ROCKETING temperatures have resulted in environment bosses issuing an urgent plea to revellers flocking to the town’s green spaces to refrain from starting fires due to ‘tinder-dry’ conditions.

Barnsley Council, South Yorkshire Fire and Rescue and rangers at Rabbit Ings Country Park, Royston, have all urged people to be cautious following incidents in recent summers.

A spokesperson from the site said: “With summer seemingly now here, the ranger team would like to remind visitors to Rabbit Ings Country Park that fire and barbecues are not permitted.

“Fire spreads quickly especially in the dry summer months.

“We have seen the impact of this at Rabbit Ings in previous years and would appreciate everyone’s co-operation.”

Moorlands around Barnsley are said to be at particular risk of catching fire due to high contents of peat, which store large amounts of carbon.

A statement from the council added: “Barnsley’s peatlands store approximately double the amount of carbon that’s stored in all the world’s forests.

“Healthy peatlands - which are in good condition - absorb carbon dioxide from the atmosphere.

“Maintaining our peatlands in a good condition helps us to make sure this carbon stays stored within the ground.

“Disposable barbeques, fires and fireworks can so impact on other important habitats in the borough.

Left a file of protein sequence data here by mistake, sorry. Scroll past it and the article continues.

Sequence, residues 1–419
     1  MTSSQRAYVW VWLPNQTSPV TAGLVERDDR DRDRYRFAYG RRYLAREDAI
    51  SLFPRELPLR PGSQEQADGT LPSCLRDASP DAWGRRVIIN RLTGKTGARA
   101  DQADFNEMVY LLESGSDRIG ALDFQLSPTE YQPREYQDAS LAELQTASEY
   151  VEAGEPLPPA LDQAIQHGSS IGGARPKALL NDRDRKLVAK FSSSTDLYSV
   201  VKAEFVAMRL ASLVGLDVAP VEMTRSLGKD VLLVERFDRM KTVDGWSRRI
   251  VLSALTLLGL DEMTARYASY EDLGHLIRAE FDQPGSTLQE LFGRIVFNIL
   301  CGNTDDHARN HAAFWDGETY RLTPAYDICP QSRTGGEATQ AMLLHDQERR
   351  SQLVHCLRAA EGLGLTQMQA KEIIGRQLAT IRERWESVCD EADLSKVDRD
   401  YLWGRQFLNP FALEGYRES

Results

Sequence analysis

“We all have a responsibility to protect our countryside and open spaces for current and future generations.”

A public space protection order (PSPO) - covering 2,500 hectares of moorland - is in place to the west of the borough including Langsett, moorland nearby Thurlstone, right up to the Dunford Bridge area and the Kirklees border.

It outlaw fires, fireworks, sky lanterns the use of disposable barbecues outside of designated areas on publicly-accessible moorland.

A spokesperson from South Yorkshire Fire and Rescue (SYFR) said: “Unfortunately it is very common for fire services to see a spike in small and deliberate fires during the summer months when the weather is warmer and grass is tinder-dry.

“When the ground and vegetation is so dry, it only takes the smallest flame to start what could be a huge fire.

“We’d like to ask that people help us in the fight against arson and deliberate fire-setting by reporting it to us.

“Deliberate fires are among the most common types of incident that our firefighters attend, yet they are often entirely needless.

“This not only endangers life and wastes our time, it can also massively destroy local parks, facilities and landscapes, so we would really encourage people to keep using our FireStoppers service to help us help you.”

* If you see a wildfire, immediately call 999.